AWARD-WINNING AUTHOR: Recently the recipient of the 2019 Robert F. Sibert Informational Honor Book for her title SPOOKED!, Gail Jarrow is a highly acclaimed nonfiction author for children known for her extensive research.
OUTSTANDING STEM TITLE: The title is ideal for students and classrooms.
PERENNIALLY POPULAR TOPICS: Nonfiction books about “gross” topics are popular with young readers while the nonfiction topics of chemistry, history, biography, and politics will appeal to teachers, librarians, and parents.
DELVES INTO OTHER HISTORICAL MOMENTS: The Poison Eaters touches upon critical moments in history such as the terms of Presidents Woodrow Wilson, William Howard Taft, and both Theodore and Franklin Delano Roosevelt; the Civil War, World War I and the 1930s; the muckrakers and Upton Sinclair’s The Jungle; women activists; the Radium Girls; and the FDA’s “Chamber of Horrors.”
FULL-COLOR PAGES AND PHOTOGRAPHS: The text offers a colorful and engaging layout. Sidebars provide extra information such as the steps to passing a bill and the current duties of the FDA.
EXTENSIVE BACKMATTER: Thorough source material includes a glossary, timeline, more to explore, an author’s note, source notes, bibliography, and index.
“Not just for…middle-graders…(a) lively… thoroughly researched book.”
— The Washington Post
★ “(A) fascinating, stomach-churning account of Harvey Washington Wiley’s crusade for food safety standards and regulation in the U.S. Vintage ads, product labels, newspaper headlines, cartoons, and photographs offer a visual feast for readers, who will be so engrossed in the stories of unconscionable products and unwitting victims that they won’t realize they’re imbibing a powerful lesson in food safety and the evolution of today’s FDA. Extensive source notes and resources are icing on the cake.”— Booklist, starred review
★ “Jarrow is brutally honest in her descriptions of the ill effects of certain toxins, and the included cheerful ads promoting poisonous products make for a particularly chilling juxtaposition. The no-nonsense tone mixes with wealth of riveting anecdotes to create a surprisingly heady brew of consumer history.”—The Bulletin of the Center for Children’s Books, starred review
★ “Jarrow vivaciously draws readers into a world of horrors hiding in plain taste. Maintaining a matter-of-fact, conversational tone throughout, she presents a tantalizing flood of anecdotes and facts, text peppered with old magazine adverts, photographs, and gory details aplenty; extensive backmatter encourages further research into a subject more than fascinating enough to warrant it. Revolting and riveting in turns, Jarrow’s masterfully crafted narrative will fundamentally alter how readers view their food. Though laced with toxins, this is anything but toxic.”—Kirkus Reviews, starred review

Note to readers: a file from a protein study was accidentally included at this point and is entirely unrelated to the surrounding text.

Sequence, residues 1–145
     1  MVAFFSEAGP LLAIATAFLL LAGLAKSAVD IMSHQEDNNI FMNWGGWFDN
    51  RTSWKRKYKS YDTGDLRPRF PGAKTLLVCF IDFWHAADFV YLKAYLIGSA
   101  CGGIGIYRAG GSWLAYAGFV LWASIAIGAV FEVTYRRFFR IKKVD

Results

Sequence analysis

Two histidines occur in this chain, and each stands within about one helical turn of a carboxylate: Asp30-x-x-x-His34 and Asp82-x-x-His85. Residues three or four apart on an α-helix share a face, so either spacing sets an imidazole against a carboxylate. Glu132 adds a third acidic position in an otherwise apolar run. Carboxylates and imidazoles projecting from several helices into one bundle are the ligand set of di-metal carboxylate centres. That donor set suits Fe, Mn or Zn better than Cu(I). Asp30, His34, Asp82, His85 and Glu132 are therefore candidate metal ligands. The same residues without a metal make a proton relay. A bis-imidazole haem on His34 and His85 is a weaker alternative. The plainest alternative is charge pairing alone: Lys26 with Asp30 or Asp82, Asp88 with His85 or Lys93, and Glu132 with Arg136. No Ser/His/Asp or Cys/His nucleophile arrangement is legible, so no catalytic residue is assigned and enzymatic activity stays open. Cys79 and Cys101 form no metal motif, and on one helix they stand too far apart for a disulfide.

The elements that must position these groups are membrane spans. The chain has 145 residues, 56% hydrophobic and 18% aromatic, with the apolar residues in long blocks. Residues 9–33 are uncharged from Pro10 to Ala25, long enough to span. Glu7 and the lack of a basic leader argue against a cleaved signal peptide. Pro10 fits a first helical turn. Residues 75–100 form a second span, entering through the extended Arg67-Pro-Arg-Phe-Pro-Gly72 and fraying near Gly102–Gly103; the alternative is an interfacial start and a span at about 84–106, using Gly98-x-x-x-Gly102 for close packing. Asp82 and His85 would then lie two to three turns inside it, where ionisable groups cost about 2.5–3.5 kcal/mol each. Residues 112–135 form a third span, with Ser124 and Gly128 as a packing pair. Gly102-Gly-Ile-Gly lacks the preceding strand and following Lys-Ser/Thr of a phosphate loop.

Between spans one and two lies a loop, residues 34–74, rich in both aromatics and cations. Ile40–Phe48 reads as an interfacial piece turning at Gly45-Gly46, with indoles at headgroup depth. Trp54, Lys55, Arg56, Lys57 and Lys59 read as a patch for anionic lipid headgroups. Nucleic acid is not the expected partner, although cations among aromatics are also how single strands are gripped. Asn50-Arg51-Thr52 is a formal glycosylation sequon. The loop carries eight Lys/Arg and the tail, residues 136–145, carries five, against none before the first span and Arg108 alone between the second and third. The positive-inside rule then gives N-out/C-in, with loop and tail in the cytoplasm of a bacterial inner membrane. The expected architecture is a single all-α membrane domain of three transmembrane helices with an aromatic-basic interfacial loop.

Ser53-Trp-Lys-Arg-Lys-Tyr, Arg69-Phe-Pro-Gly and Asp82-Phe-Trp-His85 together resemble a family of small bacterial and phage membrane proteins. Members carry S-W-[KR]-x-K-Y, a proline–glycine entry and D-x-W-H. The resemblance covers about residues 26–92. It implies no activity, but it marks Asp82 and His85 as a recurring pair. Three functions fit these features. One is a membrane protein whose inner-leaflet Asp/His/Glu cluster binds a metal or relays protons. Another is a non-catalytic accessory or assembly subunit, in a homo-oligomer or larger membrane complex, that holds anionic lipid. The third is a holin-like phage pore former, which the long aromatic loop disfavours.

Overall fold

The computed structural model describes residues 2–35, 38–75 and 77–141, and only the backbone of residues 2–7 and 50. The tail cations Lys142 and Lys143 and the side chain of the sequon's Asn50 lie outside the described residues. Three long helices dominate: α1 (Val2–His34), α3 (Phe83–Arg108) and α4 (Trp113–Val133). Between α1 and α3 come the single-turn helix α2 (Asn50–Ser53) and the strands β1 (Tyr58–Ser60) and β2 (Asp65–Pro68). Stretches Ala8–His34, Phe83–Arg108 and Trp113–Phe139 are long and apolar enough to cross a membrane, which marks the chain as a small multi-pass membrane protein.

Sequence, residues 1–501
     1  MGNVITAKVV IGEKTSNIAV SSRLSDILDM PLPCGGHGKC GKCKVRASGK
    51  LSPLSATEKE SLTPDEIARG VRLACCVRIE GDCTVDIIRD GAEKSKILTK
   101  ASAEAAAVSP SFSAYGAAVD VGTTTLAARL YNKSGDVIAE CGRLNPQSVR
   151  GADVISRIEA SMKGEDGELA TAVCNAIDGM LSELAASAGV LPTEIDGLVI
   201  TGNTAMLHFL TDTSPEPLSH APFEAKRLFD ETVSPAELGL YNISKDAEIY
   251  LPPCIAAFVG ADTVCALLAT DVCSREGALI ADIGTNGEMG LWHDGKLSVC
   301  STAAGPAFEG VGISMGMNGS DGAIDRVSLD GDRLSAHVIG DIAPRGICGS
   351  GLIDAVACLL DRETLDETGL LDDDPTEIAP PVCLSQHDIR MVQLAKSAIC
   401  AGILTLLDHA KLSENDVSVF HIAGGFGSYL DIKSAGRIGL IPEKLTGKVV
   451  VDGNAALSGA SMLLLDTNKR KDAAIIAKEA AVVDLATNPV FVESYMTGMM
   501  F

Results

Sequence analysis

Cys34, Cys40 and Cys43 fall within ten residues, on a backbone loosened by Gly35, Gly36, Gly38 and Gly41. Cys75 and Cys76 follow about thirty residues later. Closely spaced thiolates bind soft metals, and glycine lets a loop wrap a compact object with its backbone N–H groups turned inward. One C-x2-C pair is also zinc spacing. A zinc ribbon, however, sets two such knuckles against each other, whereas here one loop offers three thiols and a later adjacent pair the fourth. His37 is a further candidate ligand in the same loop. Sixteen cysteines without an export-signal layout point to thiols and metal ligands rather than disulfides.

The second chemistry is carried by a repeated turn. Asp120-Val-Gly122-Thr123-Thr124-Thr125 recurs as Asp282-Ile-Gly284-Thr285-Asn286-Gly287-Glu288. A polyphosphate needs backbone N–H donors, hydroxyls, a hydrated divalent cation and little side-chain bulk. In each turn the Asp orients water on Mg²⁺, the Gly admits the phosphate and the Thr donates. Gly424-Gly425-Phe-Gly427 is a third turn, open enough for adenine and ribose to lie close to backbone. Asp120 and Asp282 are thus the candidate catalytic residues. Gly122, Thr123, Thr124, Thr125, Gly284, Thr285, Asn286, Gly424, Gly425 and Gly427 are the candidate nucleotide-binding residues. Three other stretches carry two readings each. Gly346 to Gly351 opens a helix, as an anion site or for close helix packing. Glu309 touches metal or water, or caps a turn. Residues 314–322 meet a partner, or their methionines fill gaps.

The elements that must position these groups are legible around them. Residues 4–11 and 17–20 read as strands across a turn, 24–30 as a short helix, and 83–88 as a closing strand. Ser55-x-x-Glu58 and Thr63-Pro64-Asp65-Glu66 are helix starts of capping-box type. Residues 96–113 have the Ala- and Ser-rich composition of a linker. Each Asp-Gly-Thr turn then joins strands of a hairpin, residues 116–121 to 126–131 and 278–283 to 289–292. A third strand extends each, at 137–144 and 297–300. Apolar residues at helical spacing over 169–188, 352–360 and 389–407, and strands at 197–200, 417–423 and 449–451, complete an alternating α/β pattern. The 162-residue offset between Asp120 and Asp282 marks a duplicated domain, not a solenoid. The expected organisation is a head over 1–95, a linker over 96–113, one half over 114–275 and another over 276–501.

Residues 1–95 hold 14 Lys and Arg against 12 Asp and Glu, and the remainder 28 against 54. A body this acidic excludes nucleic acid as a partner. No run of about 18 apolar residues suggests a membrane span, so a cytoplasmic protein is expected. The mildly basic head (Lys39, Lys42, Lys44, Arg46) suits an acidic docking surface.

★ “A provocative…riveting chronicle…(i)n gripping, relatable language… this easy-to-read work (is) a fine classroom resource and an excellent addition to any collection. ”— Publishers Weekly, starred review
★ “In this microhistory about the pure food movement, Gail Jarrow has created an excellent reference book about a little-regarded topic that will be useful to classes learning about science, American history, and government. The pictures include a variety of primary sources, including photographs, advertisements, political cartoons, and letters, all of which support further research.”—School Library Connection, starred review
“With detailed descriptions of revolting food-production standards and dangerously uncontrolled medications, Jarrow captivates readers with a history of food and drug regulation. Recommended for nonfiction readers and anyone interested in what they are eating.”—School Library Journal
“Jarrow…traces the story of Dr. Harvey Washington Wiley, now known as the “Father of the FDA,” who devoted his life to getting the federal government to take responsibility for protecting consumers from poisonous foods. It’s a fascinating horror story and an important study of real-life heroes who stood up and fought for government intervention on behalf of the American people.The book’s open layout and plentiful archival photographs, advertisements, and other visuals enhance accessibility and interest.” —The Horn Book Review
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